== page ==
When Einstein Walked with Godel: Excursions to the Edge of Thought, Jim Holt 2018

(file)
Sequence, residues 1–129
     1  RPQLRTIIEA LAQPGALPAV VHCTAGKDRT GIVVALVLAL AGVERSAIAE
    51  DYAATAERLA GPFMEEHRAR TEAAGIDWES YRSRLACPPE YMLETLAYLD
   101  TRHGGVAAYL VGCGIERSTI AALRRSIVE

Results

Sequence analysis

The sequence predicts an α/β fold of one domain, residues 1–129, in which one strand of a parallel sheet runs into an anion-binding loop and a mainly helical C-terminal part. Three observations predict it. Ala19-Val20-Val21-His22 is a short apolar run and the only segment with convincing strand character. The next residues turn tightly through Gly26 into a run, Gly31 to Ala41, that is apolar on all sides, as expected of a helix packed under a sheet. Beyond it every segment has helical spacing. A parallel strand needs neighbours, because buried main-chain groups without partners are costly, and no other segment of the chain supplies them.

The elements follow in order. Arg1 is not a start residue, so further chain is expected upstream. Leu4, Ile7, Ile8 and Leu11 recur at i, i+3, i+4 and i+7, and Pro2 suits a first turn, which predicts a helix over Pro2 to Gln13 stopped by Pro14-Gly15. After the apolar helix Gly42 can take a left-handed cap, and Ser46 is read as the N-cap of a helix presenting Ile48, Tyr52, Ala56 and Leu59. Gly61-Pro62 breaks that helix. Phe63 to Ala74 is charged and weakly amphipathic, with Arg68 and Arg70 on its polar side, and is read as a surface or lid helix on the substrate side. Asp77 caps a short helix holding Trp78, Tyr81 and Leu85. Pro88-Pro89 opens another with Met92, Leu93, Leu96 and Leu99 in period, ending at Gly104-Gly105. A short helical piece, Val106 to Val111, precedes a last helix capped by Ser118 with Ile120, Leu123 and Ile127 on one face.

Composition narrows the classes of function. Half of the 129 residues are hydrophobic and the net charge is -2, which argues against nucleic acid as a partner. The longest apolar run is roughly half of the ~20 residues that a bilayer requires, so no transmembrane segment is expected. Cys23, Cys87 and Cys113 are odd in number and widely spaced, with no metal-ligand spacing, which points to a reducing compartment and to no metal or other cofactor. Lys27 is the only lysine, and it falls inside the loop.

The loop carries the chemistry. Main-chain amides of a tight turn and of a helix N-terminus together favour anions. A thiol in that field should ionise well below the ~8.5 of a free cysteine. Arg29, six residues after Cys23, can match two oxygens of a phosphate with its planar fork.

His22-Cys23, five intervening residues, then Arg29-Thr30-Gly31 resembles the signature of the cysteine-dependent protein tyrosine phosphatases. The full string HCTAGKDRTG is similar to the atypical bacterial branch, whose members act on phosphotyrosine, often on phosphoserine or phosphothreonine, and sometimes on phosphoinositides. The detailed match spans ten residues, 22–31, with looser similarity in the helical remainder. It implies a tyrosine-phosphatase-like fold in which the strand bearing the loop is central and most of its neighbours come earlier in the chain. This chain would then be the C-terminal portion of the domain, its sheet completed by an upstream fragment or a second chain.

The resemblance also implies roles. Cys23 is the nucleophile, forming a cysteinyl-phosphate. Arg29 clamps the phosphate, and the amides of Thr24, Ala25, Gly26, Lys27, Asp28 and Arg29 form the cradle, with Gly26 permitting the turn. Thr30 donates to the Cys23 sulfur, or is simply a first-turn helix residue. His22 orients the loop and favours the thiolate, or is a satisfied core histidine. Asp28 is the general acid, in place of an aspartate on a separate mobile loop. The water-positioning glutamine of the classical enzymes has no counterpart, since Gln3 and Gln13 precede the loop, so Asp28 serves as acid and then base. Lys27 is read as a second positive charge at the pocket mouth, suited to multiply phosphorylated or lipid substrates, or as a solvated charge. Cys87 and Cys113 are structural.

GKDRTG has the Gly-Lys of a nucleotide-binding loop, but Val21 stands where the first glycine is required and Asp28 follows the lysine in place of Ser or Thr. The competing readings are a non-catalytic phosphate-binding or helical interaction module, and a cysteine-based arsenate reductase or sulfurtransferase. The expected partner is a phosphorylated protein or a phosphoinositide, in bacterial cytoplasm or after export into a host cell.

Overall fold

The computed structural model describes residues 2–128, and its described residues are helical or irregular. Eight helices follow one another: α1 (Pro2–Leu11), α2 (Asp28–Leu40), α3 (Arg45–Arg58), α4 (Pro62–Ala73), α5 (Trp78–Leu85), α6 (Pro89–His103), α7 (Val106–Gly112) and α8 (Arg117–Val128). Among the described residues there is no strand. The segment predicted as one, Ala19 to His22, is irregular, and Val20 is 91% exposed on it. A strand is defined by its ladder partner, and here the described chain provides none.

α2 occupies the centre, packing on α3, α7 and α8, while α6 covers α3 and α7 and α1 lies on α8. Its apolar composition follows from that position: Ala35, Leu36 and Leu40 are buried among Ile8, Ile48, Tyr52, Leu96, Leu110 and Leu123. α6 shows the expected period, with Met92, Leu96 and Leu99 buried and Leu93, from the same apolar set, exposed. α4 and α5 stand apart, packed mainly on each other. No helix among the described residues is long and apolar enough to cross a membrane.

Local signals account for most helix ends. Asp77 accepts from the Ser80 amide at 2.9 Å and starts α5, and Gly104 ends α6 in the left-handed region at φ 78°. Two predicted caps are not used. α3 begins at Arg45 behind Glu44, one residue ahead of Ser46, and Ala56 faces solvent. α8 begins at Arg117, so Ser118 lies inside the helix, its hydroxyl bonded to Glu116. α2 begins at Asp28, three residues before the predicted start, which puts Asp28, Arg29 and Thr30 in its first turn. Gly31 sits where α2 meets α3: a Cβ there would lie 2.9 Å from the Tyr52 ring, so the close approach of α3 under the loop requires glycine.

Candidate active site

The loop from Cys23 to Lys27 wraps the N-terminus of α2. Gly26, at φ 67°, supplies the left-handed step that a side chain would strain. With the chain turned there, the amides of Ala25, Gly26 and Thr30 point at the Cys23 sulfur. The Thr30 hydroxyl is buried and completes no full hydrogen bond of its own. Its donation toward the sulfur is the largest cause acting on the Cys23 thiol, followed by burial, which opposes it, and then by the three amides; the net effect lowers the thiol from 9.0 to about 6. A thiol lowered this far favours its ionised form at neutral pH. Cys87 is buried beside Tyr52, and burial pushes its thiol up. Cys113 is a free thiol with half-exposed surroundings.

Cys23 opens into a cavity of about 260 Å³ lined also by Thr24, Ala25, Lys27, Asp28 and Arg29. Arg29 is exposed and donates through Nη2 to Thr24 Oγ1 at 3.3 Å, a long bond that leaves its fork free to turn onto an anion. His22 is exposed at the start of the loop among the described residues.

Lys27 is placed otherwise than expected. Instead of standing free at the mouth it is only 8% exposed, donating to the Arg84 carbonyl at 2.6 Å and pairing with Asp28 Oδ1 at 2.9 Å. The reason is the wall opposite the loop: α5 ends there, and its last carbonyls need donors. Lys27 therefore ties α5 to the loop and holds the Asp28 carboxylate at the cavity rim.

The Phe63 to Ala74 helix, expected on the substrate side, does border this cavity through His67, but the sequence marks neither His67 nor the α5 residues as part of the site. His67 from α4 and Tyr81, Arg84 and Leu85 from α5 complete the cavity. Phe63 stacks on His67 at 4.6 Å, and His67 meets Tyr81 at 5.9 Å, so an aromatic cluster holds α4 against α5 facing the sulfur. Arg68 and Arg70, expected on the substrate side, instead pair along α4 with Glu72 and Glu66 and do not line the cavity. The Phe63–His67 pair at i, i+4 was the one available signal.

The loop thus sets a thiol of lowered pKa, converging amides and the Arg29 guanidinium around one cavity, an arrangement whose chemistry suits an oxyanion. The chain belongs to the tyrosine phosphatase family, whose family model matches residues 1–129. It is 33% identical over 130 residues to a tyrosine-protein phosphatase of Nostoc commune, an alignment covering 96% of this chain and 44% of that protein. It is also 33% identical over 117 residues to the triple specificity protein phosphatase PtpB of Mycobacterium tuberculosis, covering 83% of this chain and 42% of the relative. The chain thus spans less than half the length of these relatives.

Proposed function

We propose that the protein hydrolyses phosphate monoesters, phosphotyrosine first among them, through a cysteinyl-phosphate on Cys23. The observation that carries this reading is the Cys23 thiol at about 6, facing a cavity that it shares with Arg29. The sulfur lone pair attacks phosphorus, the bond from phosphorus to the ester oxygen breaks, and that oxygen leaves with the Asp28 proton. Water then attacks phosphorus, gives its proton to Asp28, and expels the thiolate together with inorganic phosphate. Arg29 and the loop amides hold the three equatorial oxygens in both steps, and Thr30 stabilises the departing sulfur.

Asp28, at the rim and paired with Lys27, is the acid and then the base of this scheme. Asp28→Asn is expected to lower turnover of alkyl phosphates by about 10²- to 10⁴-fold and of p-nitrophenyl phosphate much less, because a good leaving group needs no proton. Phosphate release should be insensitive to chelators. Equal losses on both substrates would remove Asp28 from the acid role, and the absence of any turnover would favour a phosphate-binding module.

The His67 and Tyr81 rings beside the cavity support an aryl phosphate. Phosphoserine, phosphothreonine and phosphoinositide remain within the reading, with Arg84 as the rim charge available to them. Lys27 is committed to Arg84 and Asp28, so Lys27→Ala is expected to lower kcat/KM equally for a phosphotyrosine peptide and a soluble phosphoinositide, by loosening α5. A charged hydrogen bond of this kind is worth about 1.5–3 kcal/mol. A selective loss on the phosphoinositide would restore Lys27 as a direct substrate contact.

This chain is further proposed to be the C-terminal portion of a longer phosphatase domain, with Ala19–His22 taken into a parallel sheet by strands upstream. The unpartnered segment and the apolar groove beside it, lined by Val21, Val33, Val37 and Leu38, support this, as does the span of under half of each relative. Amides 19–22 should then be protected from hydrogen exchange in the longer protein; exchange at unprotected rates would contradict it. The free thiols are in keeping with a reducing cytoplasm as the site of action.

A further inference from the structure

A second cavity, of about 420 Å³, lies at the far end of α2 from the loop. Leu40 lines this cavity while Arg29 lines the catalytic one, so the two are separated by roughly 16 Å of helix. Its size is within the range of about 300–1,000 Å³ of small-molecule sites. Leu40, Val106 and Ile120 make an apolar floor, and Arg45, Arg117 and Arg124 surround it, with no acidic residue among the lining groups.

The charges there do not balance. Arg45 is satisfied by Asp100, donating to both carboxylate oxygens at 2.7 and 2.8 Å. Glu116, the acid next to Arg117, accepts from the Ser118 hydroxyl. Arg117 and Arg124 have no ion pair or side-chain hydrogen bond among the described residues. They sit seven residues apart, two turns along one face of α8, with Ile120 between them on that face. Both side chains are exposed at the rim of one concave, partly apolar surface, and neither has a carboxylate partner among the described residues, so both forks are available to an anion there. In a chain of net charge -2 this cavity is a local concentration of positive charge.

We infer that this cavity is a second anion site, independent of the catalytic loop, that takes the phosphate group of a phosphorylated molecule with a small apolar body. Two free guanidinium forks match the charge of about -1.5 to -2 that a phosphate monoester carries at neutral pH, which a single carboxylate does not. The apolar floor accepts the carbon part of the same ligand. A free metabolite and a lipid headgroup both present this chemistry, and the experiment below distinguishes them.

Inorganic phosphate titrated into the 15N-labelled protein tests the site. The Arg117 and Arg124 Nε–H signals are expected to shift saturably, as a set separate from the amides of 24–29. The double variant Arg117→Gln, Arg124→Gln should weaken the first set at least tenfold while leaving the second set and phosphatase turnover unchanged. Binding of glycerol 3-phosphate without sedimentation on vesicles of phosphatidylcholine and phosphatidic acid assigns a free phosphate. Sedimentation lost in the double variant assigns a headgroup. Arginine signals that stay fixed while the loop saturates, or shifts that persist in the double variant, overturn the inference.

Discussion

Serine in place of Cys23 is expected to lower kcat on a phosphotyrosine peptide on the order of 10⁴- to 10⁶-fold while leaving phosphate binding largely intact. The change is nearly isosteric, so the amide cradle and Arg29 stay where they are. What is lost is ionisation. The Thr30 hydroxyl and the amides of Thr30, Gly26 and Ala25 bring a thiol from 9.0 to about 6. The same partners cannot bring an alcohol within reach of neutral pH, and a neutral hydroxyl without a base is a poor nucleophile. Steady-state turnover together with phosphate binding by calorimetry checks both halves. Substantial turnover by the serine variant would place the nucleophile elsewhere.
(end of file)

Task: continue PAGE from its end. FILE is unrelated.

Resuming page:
A follow up to his incredibly interesting and arcane, Why Does the World Exist? 2012 (#1515 in the Book Journal), Holt has once again written a rather amazing and incredibly complex, challenging and beautiful 350+pages about physics, mathematics, and philosophy. This is not easy stuff and Holt doesn’t dumb it down for the average reader. Despite my background in science (albeit the physics and math that I learned in college is now routine material for the junior high student!), I struggled with many of the concepts. Also, beginning with the title’s giants of physics and math who were in fact often walking together in the 1950’s at the Institute for Advanced Study at Princeton, Holt is an amazingly prolific name-dropper, not in the sense of ‘I knew so-and-so’ but in the honorable business of attribution. Names and mini-bios fall like rain, and though many are quite interesting, it’s a bit much. A good editor might have shortened this book by 1/3, but though I struggled often, I enjoyed the ride. Holt alternates chapters about major concepts (prime numbers, time, geometrical creatures, and ‘spooky action at a distance’ or the entanglement of basic particles) with fascinating chapters about the actors on these stages—the tragic life of Alan Turing, breaker of the WWII German ENIGMA code and inventor of the modern computer; Augusta Ada Byron the daughter of Lord Byron who is felt by some to have been the first writer of computer code; Emmy Noether ‘among the greatest pure mathematicians of the 20th C” whose law of conservation and symmetry is fundamental to the ‘timelessness of physical truth’; Werner Heisenberg and the Nazi’s search for the atomic bomb; David Foster Wallace and his work with infinity and the infinitesimal (see Zeno here!), and Benoit Mandelbrot and his fractals. Perhaps the most memorable phrase from the book, however, is in the last section where short essays on a wide variety of topics are engaging and entertaining. Among the many clever and fascinating essays is one about religion where Holt suggests that all churches bear a sign on the outside stating: “Important, if true.” Not for everyone, but if you like science, math, biography, and wonderful writing, give it a try.